Average hourly labor costs in Ireland increased by 5.5 percent in 2020. During 2020, average industrial earnings increased by 5.4 percent to 964 euro (USD 1,101) per week. The government mandated minimum wage rate was increased by 0.10 euro to 10.20 euro ($12.50) per hour from January 2021, with lower rates set for younger and less experienced workers.
The government regulates the Irish labor force less than governments in most continental EU countries. The workforce has a high degree of flexibility, mobility, and education. There is relative gender balance in the workforce, with 1,245,200 males and 1,061,000 females employed in 2020. The gender balance reflects a societal change and government support that facilitated a surge in female employment from the mid-1980s. There are no restrictions on the hiring of non-national labor, and many firms, especially in the technology sector, hire young professionals with a diverse range of language and technology skills.
Ireland, since the mid-1990’s, is an attractive destination for foreign investment due to the availability of a young, highly educated workforce. The removal of tuition fees for third-level (university) education in 1995 resulted in a rapid increase of third-level qualified graduates. While tuition fees are paid by the government, students must still pay registration fees, currently capped at 3,000 euro ($ 3,675) per academic year. The availability of highly educated and qualified potential employees in Ireland is an attractive feature for employers looking to locate in the EU and has been a significant factor in attracting the already large number of multinational companies located in Ireland. Over 60 percent of new third-level students in Ireland undertake business, engineering, computer science, or science courses. The focus of government strategy has shifted to upgrading skills and increasing the number of workers in technology-intensive, high-value sectors to ensure the availability of an educated workforce.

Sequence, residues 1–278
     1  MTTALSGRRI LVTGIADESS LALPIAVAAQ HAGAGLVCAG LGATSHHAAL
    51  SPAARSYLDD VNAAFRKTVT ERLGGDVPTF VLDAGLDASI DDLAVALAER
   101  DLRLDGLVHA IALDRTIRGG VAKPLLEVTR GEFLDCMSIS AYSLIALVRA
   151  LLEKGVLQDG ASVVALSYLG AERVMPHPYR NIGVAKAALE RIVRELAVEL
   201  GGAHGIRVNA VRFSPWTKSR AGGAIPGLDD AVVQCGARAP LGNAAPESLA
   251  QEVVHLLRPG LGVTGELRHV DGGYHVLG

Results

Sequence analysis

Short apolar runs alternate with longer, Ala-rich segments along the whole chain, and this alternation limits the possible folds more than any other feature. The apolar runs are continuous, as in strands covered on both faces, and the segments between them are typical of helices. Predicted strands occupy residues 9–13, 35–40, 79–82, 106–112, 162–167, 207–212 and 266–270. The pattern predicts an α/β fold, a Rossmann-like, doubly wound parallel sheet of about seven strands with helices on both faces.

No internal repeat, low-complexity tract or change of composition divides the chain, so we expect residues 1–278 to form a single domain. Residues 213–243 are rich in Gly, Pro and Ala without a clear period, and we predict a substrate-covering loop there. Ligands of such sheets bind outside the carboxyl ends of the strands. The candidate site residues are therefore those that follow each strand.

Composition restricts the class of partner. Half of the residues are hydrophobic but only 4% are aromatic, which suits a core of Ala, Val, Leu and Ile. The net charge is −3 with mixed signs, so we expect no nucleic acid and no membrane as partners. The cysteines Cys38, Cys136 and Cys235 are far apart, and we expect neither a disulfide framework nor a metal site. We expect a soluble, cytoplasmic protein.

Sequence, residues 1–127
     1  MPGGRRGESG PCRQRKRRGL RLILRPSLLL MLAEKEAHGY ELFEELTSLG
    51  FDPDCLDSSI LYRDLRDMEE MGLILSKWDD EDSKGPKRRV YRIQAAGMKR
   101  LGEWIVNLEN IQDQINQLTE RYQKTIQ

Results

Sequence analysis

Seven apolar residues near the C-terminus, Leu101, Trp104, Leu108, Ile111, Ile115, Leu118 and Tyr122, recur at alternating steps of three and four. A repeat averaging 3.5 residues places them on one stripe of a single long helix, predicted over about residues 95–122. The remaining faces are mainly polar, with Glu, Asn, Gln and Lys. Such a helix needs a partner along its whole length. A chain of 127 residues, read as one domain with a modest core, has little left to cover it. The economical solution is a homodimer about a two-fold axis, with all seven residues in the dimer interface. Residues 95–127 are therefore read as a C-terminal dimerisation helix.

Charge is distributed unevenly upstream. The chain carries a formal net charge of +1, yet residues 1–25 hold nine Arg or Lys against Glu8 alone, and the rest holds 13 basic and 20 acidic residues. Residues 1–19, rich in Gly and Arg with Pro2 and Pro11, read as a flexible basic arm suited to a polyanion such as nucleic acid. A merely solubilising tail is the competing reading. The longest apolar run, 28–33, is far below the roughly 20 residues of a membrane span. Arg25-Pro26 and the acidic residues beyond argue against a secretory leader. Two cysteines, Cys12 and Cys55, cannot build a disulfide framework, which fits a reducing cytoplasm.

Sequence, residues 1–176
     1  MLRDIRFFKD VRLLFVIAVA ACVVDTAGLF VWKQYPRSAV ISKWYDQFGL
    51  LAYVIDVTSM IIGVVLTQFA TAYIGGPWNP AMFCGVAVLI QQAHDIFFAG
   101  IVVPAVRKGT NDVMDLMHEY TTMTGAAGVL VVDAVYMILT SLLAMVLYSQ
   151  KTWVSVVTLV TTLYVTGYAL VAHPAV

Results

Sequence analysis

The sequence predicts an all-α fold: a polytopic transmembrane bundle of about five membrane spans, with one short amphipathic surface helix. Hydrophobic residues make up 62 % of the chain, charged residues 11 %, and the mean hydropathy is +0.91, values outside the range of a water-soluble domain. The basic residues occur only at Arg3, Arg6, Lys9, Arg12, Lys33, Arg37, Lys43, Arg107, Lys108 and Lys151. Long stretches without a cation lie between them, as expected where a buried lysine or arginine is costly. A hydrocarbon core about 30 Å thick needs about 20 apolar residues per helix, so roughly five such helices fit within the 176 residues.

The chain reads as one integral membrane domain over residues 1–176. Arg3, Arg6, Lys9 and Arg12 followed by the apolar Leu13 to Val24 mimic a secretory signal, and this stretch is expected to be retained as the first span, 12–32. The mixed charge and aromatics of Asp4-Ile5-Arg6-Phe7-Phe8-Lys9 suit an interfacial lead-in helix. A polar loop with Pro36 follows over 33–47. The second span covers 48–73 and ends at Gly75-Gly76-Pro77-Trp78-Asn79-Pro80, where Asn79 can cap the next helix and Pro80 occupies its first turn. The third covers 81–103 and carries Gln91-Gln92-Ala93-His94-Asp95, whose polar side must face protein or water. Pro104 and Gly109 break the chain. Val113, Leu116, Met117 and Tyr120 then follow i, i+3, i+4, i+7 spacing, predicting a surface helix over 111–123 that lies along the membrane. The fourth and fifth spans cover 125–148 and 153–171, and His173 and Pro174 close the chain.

The onset of the COVID-19 pandemic introduced mass teleworking to Ireland. The huge change in work practice came almost overnight and despite the immense change, workers and their employers seem to have adapted well. Key to Ireland’s teleworking success was the access to good broadband services. Adequate broadband is already available in most urban areas while the government’s national broadband plan to bring high speed broadband to all areas is still rolling out. It is likely that these plans may be accelerated to get earlier delivery of broadband services in more rural parts of the island.
The Irish system of industrial relations is voluntary. Employers and employees generally agree on pay levels and conditions of employment through collective bargaining. There are generally good industrial relationships and very few industrial disputes. There were just seven labor disputes in 2020 down from nine in 2019. (Note: Pandemic measure are likely to have affected the number of disputes in 2020. End note). A series of agreements between the government and public service labor unions in place since 2010 have in general reduced public service labor disputes.
Employers typically resist trade union demands for mandatory trade/labor union recognition in the workplace. While the Irish Constitution guarantees the right of citizens to form associations and unions, Irish law also affirms the right of employers to withhold union recognition and to deal with employees on an individual basis. One quarter of all workers are unionized but there is much higher participation by public sector workers in unions. The government estimates up to 80 percent of workers in foreign-owned firms do not belong to unions. This may reflect more attractive pay, benefits, and conditions by these employers compared with domestic firms. DBEI explicitly addressed the country’s collective bargaining rights through an amendment of existing legislation in the Industrial Relations (Amendment) Act 2015.